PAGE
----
Tooth Sensitivity: 1 in 8 Americans Have It
Tooth sensitivity, also called “dentin hypersensitivity”, strikes millions of Americans each year. 1 in 8 Americans have tooth sensitivity, sometimes daily. It’s a condition more common among young people, especially women. While it’s not life-threatening, chronic ache of sensitive teeth can put a serious damper on the quality of a person’s life. Here are some common reasons why our patients get tooth sensitivity and some tips to help prevent and curb that sensitivity!
Tooth Decay: A Common Cause
Most often, tooth sensitivity is caused by a cavity. When you eat, sugar mixes with mouth bacteria and makes plaque. That plaque is very sticky and acidic in nature, and if it sits on your teeth, it erodes the hard outer enamel. Without proper brushing and flossing, you will start to have small cracks and fissures in your teeth. That’s how plaque and bacteria get in.
This leads to many problems with the teeth such as tooth decay and gum disease. Tooth decay is also known as “cavities”, and is a part of a tooth where bacteria and acidic plaque have decayed your enamel. In fact, tooth sensitivity is an indication of hidden tooth decay or internal tooth infection. When it comes on suddenly and gets worse over a few days, it’s likely an infection from decay. Call our office right away when this happens.
Other Causes of Tooth Sensitivity
Don’t panic about a cavity if you’re suddenly having tooth sensitivity, as other common causes happen all the time to our patients. Here are some other reasons why you get tooth sensitivity:
- Winter cold. With changing seasons, we have patients that get a toothache here and there. Cold air hitting the teeth will cause sensitivity for many that can be sudden. Running heat directly in your face in a car or other small space can also irritate your teeth. Patients tend to drink more hot beverages in the winter, which can cause tooth sensitivity as well. You may have a slight bit of gum recession, so some of your tooth along the gum line is exposed to changes in temperature. This can cause aching tooth sensitivity or sudden tooth Limit these habits or try venting the heat more, as well as drinking warm beverages instead of hot ones.
- Gum recession. Plaque and tartar buildup will damage your teeth and irritate your gums. That irritation causes gum recession, which exposes part of your tooth root. This root will be sensitive to hot or cold foods and beverages, which can cause you sharp, sudden pains, as we mentioned.
- Bruxism and TMJ. If you clench or grind your teeth at night, you may wake up with headaches and a toothache in one or more places. We will look to see if you are clenching or grinding or if you need treatment for dysfunction of your temporomandibular joint.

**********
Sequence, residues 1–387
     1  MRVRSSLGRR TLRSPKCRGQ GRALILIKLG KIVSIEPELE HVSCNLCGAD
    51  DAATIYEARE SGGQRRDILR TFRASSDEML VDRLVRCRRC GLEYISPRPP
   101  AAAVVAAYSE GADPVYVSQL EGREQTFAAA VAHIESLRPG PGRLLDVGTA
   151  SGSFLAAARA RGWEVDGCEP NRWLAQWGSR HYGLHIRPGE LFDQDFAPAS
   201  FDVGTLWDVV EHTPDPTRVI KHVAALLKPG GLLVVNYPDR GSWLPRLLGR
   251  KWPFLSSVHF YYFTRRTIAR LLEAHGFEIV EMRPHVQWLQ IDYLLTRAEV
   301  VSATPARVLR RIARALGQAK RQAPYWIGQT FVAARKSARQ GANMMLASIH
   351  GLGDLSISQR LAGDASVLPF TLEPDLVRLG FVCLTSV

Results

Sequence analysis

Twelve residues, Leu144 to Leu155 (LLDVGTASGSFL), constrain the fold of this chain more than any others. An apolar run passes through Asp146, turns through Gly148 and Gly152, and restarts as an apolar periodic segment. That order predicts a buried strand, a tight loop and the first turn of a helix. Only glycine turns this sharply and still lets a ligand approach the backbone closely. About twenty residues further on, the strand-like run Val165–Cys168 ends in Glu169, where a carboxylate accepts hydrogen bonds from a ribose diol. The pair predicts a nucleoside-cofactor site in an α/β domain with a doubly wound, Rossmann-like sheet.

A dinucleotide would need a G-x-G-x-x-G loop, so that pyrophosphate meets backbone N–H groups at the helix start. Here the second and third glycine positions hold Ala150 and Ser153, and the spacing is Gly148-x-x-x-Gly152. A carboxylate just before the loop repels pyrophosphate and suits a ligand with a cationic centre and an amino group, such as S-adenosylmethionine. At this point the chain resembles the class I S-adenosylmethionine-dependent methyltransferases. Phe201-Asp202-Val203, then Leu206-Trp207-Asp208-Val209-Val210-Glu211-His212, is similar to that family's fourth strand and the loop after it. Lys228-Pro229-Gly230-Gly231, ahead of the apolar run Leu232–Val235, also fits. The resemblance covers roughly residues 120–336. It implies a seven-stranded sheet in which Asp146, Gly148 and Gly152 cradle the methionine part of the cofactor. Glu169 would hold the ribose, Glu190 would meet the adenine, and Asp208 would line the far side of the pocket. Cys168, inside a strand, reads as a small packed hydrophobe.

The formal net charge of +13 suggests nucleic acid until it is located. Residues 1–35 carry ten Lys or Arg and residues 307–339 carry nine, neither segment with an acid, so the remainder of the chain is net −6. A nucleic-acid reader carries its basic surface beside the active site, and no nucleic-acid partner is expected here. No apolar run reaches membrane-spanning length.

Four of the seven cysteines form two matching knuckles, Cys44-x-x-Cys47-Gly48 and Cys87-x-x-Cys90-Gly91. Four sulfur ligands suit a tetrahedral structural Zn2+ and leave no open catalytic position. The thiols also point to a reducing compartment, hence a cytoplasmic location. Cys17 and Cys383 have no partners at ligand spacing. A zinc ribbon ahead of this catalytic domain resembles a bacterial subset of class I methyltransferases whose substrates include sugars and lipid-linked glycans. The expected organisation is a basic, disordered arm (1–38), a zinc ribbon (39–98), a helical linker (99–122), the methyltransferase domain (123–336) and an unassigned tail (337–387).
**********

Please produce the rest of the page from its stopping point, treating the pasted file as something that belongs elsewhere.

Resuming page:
- Tooth injury. A cracked, chipped, or broken tooth will cause tooth sensitivity that is constant, or when it is touched. Come into our office right away if you injure a tooth so that you avoid infection.
Desensitizing Teeth: Some Tips
Everyone gets tooth sensitivity for different reasons. However, there should be some method of pain-relief that will work for you. Our patients generally find relief through:
- Desensitizing toothpaste. There are several brands of toothpaste for sensitive teeth available on the market today. Try brands such as Sensodyne and others that are prescribed for sensitive teeth. Depending on your oral health history, we may want you to use specific brands, or a prescription strength sensitivity toothpaste. Check with our office and see what brands we love and if you need a prescription.
- Use a soft-bristled toothbrush. Many patients don’t realize that there are differences between toothbrushes besides their colors and shapes. However, bristles come in different variations of hardness. Most patients won’t want to brush their teeth with “hard” toothbrushes because the bristles can be too abrasive for the enamel. We recommend that you use “soft” bristled toothbrushes for sensitive teeth, and this will be printed somewhere near the top of your toothbrush container label. This will limit gum irritation, recession, and tooth sensitivity when brushing.
- Avoid highly acidic foods. Acids and sugars will erode tooth enamel much faster than most other types of foods and drinks. Acids are found in citric fruits and drinks, as preservatives, and in sodas and sparkling waters. Your mouth also produces acidic plaque when you eat sugar, so be aware of this. Limit your sugar and acidic food consumption to limit your tooth sensitivity and gum recession.
- Use a fluoridated mouthwash daily. Want stronger teeth? Drink water! Public water sources in the U.S. are enhanced with fluoride, which is a naturally-occurring mineral that acts as a shield for the teeth. You can buy toothpastes, mouthwashes, gels, and rinses that have fluoride added. Use these products, then wait 30 minutes before eating and drinking.
- Avoid teeth grinding. If you know you grind your teeth, call our office for a retainer consultation. Grinding or clenching the jaw at night will wear down and weaken your teeth, causing tooth sensitivity.
Schedule Your Consultation
If you notice sudden tooth sensitivity that is severe, don’t hesitate to call the office. Tooth sensitivity from decay can lead to infection fast. When sensitivity simply comes and goes, try out our desensitizing methods for relief. If you’re still finding yourself with pain and aches from tooth sensitivity, call Dr. Ania’s office today at (303) 872-9940 to get your pain under control!